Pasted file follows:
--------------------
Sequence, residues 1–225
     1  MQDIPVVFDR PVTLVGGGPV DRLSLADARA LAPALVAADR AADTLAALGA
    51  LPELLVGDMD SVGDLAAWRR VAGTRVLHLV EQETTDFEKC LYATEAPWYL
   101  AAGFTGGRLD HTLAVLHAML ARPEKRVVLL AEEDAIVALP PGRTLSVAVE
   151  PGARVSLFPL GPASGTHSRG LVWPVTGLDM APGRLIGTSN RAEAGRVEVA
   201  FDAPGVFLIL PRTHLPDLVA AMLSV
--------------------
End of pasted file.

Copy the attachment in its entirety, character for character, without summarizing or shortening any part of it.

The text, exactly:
Sequence, residues 1–225
     1  MQDIPVVFDR PVTLVGGGPV DRLSLADARA LAPALVAADR AADTLAALGA
    51  LPELLVGDMD SVGDLAAWRR VAGTRVLHLV EQETTDFEKC LYATEAPWYL
   101  AAGFTGGRLD HTLAVLHAML ARPEKRVVLL AEEDAIVALP PGRTLSVAVE
   151  PGARVSLFPL GPASGTHSRG LVWPVTGLDM APGRLIGTSN RAEAGRVEVA
   201  FDAPGVFLIL PRTHLPDLVA AMLSV